At least 51 labs in 17 states received shipments of live anthrax spores from military facilities, the Pentagon acknowledged Wednesday. The anthrax was also shipped to labs in three foreign countries, South Korea, Australia and Canada.
Some 31 people, both military and civilian, are taking the antibiotic Cipro as a precautionary measure after exposure to the anthrax, although none has yet tested positive for the deadly toxin.
The Pentagon added five states—Arizona, Florida, Illinois, North Carolina and Ohio, as well as the District of Columbia—to the 12 states where labs have been identified as receiving the live anthrax shipments form the Dugway Proving Ground and three other military germ warfare centers. The 12 states previously named are California, Delaware, Maryland, Massachusetts, New Jersey, New York, Tennessee, Texas, Utah, Virginia, and Wisconsin.
At the first formal Pentagon briefing on the subject, officials declined to name any of the 51 labs that received the deadly spores, except those run by the US government. Among those was the Pentagon’s own internal police lab, run by the Pentagon Force Protection Agency. The military continues to claim that the public was never in any danger, despite the shipment of live anthrax through ordinary commercial distribution, mainly via Fedex.
Deputy Defense Secretary Robert Work said that anthrax was distributed as live spores rather than dead, as intended, because of the apparent failure of both systems in place to ensure the safety of shipments to research facilities.
Live anthrax is irradiated to kill the live spores, and the irradiated spores are then tested to make sure none are still alive and capable of reproduction. Both the irradiation and the testing had to fail in order to send out live anthrax samples labeled as dead. “Why didn’t we kill the spores when we put them through what we considered to be a protocol that would?” he asked rhetorically.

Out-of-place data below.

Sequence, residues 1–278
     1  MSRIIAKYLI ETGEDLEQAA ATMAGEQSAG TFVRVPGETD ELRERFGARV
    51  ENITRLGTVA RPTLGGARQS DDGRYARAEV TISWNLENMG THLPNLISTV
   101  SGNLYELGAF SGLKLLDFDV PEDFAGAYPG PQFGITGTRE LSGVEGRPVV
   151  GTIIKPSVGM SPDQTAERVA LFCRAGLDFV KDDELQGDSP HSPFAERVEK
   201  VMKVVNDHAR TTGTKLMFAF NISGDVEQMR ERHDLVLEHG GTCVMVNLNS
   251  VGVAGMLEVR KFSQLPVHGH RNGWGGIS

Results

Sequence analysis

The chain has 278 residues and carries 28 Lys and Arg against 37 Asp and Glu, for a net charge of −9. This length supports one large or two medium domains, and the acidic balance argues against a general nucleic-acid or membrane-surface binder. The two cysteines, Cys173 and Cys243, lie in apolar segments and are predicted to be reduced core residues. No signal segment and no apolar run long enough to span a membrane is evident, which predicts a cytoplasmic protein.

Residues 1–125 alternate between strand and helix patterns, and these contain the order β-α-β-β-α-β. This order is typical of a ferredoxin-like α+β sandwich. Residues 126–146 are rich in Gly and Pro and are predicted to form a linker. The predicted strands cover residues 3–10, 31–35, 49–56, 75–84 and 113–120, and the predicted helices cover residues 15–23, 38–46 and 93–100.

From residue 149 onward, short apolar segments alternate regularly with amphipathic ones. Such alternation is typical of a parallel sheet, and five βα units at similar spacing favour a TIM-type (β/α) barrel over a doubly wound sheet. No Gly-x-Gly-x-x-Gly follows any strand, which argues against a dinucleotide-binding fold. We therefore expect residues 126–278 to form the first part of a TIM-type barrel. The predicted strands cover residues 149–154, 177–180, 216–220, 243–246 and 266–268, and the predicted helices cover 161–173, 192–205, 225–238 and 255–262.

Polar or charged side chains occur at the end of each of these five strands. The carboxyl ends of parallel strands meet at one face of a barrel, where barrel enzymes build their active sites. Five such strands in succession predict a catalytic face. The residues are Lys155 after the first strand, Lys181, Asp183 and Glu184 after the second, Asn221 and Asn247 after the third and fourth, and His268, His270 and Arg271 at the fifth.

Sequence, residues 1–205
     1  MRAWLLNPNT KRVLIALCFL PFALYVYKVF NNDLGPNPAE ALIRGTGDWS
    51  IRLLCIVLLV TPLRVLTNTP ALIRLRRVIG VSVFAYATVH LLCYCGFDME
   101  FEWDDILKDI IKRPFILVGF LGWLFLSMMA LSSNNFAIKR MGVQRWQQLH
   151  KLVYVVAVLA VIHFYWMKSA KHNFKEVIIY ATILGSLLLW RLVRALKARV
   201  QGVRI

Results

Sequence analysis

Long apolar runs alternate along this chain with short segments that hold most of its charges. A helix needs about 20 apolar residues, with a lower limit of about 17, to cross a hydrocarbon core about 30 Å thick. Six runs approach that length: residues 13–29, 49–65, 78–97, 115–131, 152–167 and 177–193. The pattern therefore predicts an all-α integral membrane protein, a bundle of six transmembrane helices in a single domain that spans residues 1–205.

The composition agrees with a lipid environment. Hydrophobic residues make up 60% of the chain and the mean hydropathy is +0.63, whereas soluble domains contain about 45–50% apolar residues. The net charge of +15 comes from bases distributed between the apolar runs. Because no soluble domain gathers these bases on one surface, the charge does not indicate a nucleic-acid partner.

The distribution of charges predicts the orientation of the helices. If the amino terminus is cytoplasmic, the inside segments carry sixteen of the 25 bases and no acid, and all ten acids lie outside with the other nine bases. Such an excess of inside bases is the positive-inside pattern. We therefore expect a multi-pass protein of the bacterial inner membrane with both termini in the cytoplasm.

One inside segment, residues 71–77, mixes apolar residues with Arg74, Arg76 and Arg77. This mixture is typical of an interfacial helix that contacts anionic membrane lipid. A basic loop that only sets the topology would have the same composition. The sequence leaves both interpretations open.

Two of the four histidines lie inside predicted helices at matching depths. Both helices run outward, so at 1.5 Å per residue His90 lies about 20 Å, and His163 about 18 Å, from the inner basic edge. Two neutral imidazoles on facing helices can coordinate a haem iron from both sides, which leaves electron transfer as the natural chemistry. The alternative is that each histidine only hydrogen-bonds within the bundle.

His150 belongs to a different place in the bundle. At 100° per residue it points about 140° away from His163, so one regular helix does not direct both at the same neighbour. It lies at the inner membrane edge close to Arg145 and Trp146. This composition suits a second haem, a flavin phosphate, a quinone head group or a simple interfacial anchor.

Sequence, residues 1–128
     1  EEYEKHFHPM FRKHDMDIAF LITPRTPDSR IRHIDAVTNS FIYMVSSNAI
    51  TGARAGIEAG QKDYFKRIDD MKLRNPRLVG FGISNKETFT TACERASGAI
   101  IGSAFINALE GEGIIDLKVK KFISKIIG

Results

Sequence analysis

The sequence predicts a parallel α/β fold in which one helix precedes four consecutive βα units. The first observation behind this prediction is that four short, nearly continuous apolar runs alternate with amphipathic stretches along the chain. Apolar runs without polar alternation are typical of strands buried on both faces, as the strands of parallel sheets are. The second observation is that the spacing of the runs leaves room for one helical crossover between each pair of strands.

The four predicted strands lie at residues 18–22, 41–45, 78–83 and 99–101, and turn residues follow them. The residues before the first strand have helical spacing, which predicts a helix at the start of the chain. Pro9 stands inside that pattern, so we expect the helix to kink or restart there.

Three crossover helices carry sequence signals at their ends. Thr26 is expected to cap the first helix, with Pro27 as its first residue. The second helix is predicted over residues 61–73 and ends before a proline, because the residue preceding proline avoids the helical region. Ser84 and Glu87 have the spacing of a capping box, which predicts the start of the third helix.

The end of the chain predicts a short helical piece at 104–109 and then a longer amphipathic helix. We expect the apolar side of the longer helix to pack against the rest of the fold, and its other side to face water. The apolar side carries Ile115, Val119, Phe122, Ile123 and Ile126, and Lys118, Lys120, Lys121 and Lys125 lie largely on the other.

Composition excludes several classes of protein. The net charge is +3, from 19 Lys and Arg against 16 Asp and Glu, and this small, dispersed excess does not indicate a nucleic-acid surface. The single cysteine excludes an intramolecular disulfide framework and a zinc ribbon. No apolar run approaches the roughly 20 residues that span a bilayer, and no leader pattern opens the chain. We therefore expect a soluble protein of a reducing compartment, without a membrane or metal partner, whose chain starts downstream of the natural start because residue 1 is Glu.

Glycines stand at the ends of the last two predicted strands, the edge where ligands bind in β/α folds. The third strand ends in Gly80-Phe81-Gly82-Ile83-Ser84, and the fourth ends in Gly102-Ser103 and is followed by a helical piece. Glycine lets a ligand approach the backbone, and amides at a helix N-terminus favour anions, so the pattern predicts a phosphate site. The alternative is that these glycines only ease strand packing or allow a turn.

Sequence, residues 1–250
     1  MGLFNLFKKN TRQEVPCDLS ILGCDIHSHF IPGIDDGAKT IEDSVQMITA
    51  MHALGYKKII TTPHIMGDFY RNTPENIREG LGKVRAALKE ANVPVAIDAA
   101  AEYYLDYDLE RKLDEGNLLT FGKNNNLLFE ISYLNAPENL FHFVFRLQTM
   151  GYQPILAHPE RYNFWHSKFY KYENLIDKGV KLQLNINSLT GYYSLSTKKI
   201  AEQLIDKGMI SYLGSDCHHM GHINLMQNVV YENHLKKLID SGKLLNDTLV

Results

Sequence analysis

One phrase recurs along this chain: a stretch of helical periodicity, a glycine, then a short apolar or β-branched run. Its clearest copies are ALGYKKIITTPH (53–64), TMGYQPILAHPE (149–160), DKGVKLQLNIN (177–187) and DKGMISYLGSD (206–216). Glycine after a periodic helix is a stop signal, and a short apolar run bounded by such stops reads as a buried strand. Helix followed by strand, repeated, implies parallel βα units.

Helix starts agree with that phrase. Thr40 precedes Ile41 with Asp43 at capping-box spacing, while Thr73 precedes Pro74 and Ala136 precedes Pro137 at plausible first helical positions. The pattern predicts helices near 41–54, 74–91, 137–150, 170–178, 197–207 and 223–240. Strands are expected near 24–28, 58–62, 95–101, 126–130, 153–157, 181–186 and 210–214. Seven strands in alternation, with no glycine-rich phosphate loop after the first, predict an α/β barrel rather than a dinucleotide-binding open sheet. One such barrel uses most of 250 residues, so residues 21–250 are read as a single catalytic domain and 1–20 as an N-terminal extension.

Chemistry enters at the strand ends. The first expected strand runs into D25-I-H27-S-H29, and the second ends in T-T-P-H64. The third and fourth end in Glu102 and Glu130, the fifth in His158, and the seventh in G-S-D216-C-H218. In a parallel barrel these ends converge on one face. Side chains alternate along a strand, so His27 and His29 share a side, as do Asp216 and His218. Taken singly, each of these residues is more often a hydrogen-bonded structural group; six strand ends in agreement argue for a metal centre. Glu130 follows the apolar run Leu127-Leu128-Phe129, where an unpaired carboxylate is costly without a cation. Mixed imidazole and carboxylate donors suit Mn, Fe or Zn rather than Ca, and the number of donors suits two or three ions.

A total of four batches of anthrax from Dugway have been identified by the Pentagon and CDC as having live spores when all the spores should have been dead. Another 400 batches of anthrax are being tested at four specialized labs, according to Frank Kendall, undersecretary of defense for acquisition, technology and logistics. As a result of this testing, the number of labs found to have received live anthrax samples could rise considerably beyond the 51 already identified.
Whatever the cause of the distribution of live anthrax samples—and Pentagon officials have been adamant that neither deliberate policy nor terrorism were involved, only human error of some kind—this incident sheds light on the vast scale of the germ warfare research being conducted in the United States.
Officials said that nine Defense Department labs conduct anthrax research, along with more than 300 commercial and academic labs. The four main germ warfare facilities that were the sources of the anthrax shipments are Dugway, in Utah, and three in Maryland: Fort Detrick, the Naval Medical Research Center, and Edgewood Chemical Biological Center.
All told, a staggering 1,500 US laboratories work on some form of biological weapons agent, fueled by $9 billion in spending by the Centers for Disease Control and Prevention and the Pentagon since 2001, when anthrax mailings to congressional and media offices killed five people and infected another seventeen.
A lengthy report by USA Today, published last week under the headline “Inside America’s secret biolabs,” found that “hundreds of lab mistakes, safety violations and near-miss incidents have occurred in biological laboratories coast to coast in recent years, putting scientists, their colleagues and sometimes even the public at risk.”
The account is worth careful reading. It demonstrates that the biggest danger of biological attack on the American population comes, not from terrorists like Al Qaeda or ISIS, but from the enormous germ warfare apparatus built up over many decades, with facilities located in some cases in the heart of major cities like New York City and Seattle.